For a long time, I didn’t think sexism existed anymore. I attended an all-women’s college. I worked at a feminist organization after undergrad. In these places, I didn’t see any sexism in my day to day life. So I assumed sexist behavior was akin to a woolly mammoth — extinct.
Law school and my entry into the legal profession, however, have pulled the blinders off. I wanted to write this piece because I continue to witness (and hear about friends witnessing) sexism in the legal profession. It’s not extinct, and I think we should talk about it. A few examples:
• At a recent event, I heard an established member of the bar refer to female attorneys as “lawyerettes.”
• A deponent called me by my first name and opposing counsel as “Mr. So and So” through an entire recent deposition.
• I’ve overheard a law clerk ask a female federal judge if she was another judge’s secretary.
• A friend of mine showed up to take a deposition, only to have opposing counsel pretend (having met her several times before) that she must be the court reporter.
• Attorney friends continue to report that they are asked to get coffee at meetings instead of their male counterparts.
These examples are not earth-shattering, and I usually just roll my eyes when this kind of stuff happens. It isn’t illegal harassment (which, of course, we know also occurs). It’s just annoying. I put this stuff in the same category as the subtler forms of sexism that hum in the background sometimes; the kind that assumes the male baseline is the right baseline. I know a woman attorney who was told to get a vocal coach because her female voice didn’t exude enough authority. I have heard about women attorneys being told to cut their hair, change their clothes, or even lose weight — suggestions that I have a hunch even the most slovenly dressed male attorneys are not hearing.
Should I just roll my eyes for most of this stuff and be done? Perhaps. After all, this is not the stuff of “Mad Men.” The world has improved and most people aren’t facing overt discrimination on a daily basis. But I don’t think we have made enough progress, because external evidence confirms a problem exists. Despite having graduated from law school in equal numbers for years, women are behind in every corner of our profession. As reported by the ABA Commission on Women in the Profession, February 2013:
• In private practice, women make up 19.9 percent of partners, and only 15 percent of equity partners, yet they represent 45 percent of associates.
• Women make up 21.6 percent of Fortune 500 general counsel, and an even smaller amount (15.6 percent) of Fortune 501-1000 general counsel.
• At the median, women equity partners in the 200 largest firms earn 89 percent of their male peers.
• Women lawyers’ weekly salary totals 86.6 percent of their male peers.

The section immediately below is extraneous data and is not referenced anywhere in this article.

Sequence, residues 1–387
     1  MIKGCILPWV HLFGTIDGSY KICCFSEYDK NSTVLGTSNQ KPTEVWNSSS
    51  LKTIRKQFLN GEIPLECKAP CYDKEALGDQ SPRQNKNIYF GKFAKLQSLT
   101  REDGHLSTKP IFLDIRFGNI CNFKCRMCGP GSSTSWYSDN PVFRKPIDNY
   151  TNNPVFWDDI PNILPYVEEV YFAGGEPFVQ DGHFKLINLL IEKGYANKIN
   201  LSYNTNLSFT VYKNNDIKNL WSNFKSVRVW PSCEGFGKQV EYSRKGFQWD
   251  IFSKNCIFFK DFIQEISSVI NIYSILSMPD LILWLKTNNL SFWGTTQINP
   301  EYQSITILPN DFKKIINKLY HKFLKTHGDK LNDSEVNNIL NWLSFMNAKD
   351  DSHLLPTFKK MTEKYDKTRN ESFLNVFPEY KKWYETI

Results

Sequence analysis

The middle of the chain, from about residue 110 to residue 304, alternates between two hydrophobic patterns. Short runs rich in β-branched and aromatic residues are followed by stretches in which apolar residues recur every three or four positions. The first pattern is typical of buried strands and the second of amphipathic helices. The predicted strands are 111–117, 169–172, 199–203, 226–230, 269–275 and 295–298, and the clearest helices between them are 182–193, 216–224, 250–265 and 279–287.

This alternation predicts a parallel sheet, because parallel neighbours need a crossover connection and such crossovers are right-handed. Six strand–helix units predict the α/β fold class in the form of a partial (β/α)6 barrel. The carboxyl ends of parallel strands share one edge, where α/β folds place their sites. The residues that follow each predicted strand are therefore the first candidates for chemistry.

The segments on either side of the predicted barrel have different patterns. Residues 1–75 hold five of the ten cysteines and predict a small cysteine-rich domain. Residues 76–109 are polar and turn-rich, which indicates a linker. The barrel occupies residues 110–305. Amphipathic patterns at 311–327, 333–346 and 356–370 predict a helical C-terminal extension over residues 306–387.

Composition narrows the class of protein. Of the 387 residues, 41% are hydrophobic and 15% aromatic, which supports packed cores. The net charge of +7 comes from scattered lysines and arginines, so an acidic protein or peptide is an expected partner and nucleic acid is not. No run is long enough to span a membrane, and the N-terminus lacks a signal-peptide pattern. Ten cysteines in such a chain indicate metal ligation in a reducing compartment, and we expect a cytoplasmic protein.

• Women occupy only 27.1 percent of federal and state judgeships.
• Women represent only 20.6 percent of law school deans.
How has this all affected me? Despite the statistics and witnessing the occasional instance of sexism, I want to be clear: I feel supported and encouraged by my colleagues and trusted by my clients. I do not feel that I am underpaid or undervalued or that my gender is holding me back in any way.
So why write about a problem that I don’t think is affecting me? Two reasons.
First, I am ashamed to say that I let the “lawyerette” comment go by without saying anything. And, I didn’t tell the deponent to call me Ms. Dunlop. In the moment, I don’t usually feel like creating a scene (and sometimes, it might be a better strategy to have the deponent underestimate me or assume familiarity). I find myself falling back on advice that I recall Miss Manners offering — in response to an off-color comment, she recommends a “wry smile” or a “hollow laugh.”
But in our profession, we have duties and obligations to people other than ourselves — I think I owe a duty to the bar to speak up, and I am committed to doing so the next time one of these situations arises. And truth be told, I even have a duty to police myself. I too am guilty of occasionally gossiping about my opponent’s suit instead of her oral argument.
Second, the statistics worry me. Women are not reaching the top of our profession in the same numbers as men. It is, of course, too simplistic to imagine that overt sexism is the only thing skewing the numbers. Women may choose to opt out or pursue different opportunities. And studies continue to cite varying reasons for women’s failure to reach the top in big numbers: lack of mentorship, opportunities, etc. That said, I do think that the eye-rolling stuff is a reason among many for the discrepancies. It’s one more hurdle that makes it more difficult for women to keep going in a career that demands so much of everyone.
Sexism makes our profession a less hospitable place for women and a more comfortable place for men. In a job that requires us to work a lot of hours, that’s a lot of time to ask women to be uncomfortable. I want to do something to change this if I can.
So I promise to raise my voice the next time a comment gives me the uh-oh feeling. Perhaps if I do, perhaps if we all do, my daughter has a better chance of living in a world where she can always believe that sexism is extinct.
Sybil Dunlop joined Greene Espel in 2010. Her practice focuses on representing individuals, corporations and public-sector entities in business and governmental defense litigation. She can be reached at firstname.lastname@example.org. A version of this column originally appeared in Minnesota Lawyer, sister publication to The Daily Record.